BlockFi is bankrupt, where did it all go wrong?

BlockFi is bankrupt, where did it all go wrong?

By Dan Ashmore - min read
  • BlockFi has become the latest firm to file for bankruptcy, citing “significant exposure” to FTX
  • It has sued FTX to reclaim Robinhood shares which it alleges Bankman-Fried had pledged as collateral
  • BlockFi bankruptcy was a longtime coming, with the firm rescued by a $400 million credit facility from FTX earlier this year
  • Regulation simply must come to the space, as customers continue to feel pain

Another one bites the dust.

In a move that absolutely everyone saw coming, BlockFi filed for bankruptcy Monday.

The embattled crypto lender’s court filings reveal it has over 100,000 creditors and blame “significant exposure” to the insolvent exchange FTX. It is yet another dark mark on crypto’s copybook, which is quickly running out of space.

BlockFi bankruptcy was coming

BlockFi had suspended withdrawals in the aftermath of the FTX collapse nearly three weeks ago. As investors of Celsius, Voyager Digital and so many other platforms will tell you, that generally is the final straw. It’s hard to gain customers’ trust when you, you know, don’t let them get their money out.

And so the filing this week comes as no surprise. BlockFi did contend that it had hopes of a resurgence. It revealed cash on hand of $257 million, which it says is enough to get it through bankruptcy proceedings, allowing it to avoid debtor-in-possession financing.

Call my a cynic, but I can’t see how the firm recovers from this. BlockFi advisor Mark Renzi contended that BlockFi is “well-positioned to move forward despite the fact that 2022 has been a uniquely terrible year for the cryptocurrency industry”.

Hmmm. If this is what well-positioned is, then I need to retake English classes. Like I said, I can’t see how customers will ever trust BlockFi with their funds again. Not to mention that big glaring hole on their balance sheet, and the small matter of them having literally filed for bankruptcy.

BlockFi sue FTX

BlockFi is also suing FTX to seize Robinhood shares which the lender alleges that Sam Bankman-Fried pledged as collateral against loans he has now defaulted on. Bankman-Fried bought 7.6% of Robinhood stock earlier this year.

The additional legal trouble – aside from the bankruptcy filing, just to be clear – simply highlights quite how messy and incestuous this entire thing is. As I wrote about when dissecting what is next for crypto,  Bankman-Fried had his hands in a lot of pots, and the process of untangling this debacle will not be fun.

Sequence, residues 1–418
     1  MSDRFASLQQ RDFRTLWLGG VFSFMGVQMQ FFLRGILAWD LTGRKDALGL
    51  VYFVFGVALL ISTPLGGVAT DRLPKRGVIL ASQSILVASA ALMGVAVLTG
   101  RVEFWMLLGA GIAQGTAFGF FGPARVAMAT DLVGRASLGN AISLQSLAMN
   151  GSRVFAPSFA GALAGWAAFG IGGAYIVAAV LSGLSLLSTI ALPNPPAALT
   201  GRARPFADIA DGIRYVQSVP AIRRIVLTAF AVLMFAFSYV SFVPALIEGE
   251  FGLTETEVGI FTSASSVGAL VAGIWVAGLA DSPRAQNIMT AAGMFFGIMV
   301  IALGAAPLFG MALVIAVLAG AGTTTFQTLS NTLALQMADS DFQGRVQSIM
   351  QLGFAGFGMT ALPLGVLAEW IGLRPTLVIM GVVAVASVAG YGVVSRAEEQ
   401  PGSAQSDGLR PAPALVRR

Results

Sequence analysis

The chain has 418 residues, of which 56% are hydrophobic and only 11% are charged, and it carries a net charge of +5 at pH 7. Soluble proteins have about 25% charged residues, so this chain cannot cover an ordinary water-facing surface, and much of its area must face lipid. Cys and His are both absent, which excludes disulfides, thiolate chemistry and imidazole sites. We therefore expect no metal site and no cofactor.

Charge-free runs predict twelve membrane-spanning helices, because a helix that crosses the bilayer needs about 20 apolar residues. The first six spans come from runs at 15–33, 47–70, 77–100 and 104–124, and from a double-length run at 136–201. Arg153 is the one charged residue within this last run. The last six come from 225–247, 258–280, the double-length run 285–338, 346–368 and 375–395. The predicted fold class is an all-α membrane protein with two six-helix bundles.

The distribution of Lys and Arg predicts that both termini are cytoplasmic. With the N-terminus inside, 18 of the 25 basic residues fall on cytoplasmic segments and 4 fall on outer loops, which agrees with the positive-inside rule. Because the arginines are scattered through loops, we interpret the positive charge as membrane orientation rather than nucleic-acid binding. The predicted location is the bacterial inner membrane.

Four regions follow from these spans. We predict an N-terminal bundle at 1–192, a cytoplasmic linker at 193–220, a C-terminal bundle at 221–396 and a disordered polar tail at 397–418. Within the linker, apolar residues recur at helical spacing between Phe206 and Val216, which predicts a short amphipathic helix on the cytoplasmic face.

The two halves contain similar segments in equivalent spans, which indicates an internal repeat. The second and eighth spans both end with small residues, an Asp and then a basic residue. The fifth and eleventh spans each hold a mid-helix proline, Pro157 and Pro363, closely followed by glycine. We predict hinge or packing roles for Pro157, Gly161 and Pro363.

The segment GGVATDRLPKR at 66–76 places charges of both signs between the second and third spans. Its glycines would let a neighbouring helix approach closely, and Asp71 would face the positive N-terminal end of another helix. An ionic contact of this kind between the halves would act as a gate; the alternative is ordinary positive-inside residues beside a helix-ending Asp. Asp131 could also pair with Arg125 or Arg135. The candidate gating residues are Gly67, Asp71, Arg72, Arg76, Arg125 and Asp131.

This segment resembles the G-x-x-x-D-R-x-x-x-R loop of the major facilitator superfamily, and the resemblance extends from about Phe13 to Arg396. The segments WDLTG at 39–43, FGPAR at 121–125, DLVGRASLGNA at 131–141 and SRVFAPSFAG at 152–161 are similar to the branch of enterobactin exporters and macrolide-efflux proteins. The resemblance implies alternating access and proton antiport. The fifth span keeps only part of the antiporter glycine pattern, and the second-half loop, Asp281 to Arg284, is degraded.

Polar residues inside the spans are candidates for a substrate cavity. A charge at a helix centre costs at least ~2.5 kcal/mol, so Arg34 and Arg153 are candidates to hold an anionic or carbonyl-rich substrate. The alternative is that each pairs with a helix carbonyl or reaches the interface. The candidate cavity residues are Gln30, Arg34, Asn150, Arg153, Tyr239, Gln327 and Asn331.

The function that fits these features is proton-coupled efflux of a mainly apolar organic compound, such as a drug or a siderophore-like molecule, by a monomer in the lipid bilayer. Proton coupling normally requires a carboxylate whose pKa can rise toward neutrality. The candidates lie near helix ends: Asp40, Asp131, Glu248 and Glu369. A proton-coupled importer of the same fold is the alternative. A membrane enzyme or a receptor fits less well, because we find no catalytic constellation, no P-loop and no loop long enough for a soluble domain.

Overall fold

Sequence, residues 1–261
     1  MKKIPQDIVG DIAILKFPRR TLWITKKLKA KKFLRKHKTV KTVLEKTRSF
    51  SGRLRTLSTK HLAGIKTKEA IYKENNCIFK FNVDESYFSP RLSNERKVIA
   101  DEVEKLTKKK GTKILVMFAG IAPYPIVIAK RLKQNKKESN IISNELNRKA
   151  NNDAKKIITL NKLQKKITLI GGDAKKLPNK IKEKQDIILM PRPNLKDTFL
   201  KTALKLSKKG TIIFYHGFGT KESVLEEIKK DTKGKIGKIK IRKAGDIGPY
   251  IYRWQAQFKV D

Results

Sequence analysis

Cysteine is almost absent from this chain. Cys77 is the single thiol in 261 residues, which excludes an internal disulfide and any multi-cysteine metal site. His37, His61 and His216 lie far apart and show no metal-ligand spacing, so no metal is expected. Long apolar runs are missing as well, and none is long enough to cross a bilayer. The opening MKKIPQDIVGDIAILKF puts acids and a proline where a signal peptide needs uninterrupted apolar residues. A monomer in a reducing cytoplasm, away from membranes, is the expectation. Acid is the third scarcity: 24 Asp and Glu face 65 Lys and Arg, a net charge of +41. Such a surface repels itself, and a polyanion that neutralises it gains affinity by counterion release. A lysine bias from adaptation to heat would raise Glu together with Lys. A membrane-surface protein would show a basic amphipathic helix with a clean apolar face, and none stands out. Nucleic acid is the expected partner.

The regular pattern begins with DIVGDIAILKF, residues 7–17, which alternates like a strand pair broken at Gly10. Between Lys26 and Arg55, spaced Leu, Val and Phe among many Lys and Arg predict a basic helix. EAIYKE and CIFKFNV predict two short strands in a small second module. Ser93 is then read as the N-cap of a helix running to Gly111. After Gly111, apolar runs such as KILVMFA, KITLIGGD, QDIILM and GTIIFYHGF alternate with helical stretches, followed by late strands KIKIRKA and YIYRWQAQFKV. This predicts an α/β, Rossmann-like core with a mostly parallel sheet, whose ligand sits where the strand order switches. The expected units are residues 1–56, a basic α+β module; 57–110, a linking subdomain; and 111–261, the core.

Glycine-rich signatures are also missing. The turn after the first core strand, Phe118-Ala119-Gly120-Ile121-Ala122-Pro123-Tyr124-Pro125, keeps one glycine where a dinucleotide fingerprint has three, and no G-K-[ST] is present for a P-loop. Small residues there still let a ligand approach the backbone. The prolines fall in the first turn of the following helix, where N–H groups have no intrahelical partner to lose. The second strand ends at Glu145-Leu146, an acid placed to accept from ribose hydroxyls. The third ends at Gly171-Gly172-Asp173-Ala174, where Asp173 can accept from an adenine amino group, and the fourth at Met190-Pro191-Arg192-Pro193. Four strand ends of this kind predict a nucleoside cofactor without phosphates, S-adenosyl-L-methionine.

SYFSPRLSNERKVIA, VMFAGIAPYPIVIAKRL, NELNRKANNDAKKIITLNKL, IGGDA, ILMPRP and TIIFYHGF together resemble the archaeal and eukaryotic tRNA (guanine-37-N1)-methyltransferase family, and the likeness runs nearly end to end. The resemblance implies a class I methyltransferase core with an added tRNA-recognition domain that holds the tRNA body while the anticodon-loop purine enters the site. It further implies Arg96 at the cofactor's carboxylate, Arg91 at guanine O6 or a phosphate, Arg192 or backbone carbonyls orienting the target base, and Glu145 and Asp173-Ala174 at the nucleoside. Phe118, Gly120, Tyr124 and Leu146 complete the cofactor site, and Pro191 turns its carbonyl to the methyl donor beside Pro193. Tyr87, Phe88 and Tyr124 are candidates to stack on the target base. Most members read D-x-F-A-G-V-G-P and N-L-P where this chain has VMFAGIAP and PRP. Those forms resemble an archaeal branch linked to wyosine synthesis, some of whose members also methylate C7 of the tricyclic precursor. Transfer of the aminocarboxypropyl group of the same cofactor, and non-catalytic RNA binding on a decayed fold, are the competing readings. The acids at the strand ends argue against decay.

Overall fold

A lot of it ties back to Luna collapsing earlier this year, which was supposedly when FTX’s sister trading firm Alameda had a lot of loans called, having gotten caught up in the contagion themselves. FTX sent over client assets from the exchange, with the now defunct FTT token pledged as collateral. The same token that FTX created, that is.

BlockFi had its own trouble amid this, of course. They were forced to sign a deal with FTX for a $400 million credit facility (I told you – incestuous!) in order to keep the doors open. The deal also gave FTX the right to acquire BlockFi at any point until July 2023.

Ironically, it is that same white knight – Sam Bankman-Fried – that is now triggering the latest batch of contagion, having said that is exactly what he trying to counteract with all his bailouts earlier this year. And this time, BlockFi has fallen.

In crafting this piece, I came across the below tweet I made about BlockFi, who reacted to Celsius imploding by sending me an email advertising higher yields. I think it is fair to see some of these firms practised less-than-stellar risk management, don’t you think?

What is next for BlockFi customers?

Unfortunately, customers now face a long wait. Like, a really long wait. Mt Gox, the former exchange which once captured 70% of the Bitcoin trading market, went bankrupt in 2014 and customers still haven’t seen a cent.

Let’s hope this won’t be that long, but Chapter 11 is not an overnight process. As John Ray III said in court filings shortly after he took over the CEO gig at FTX to steer them through the bankruptcy process, “never in my career have I seen such a complete failure of corporate controls and such a complete absence of trustworthy financial information as occurred here”.

And that is the same John Ray III who oversaw Enron’s bankruptcy, one of the worst bankruptcy cases in financial history.  

It was obvious already but it gets more so by the day: the cryptocurrency space needs a complete overhaul of regulation. Right now, some common sense would also be nice.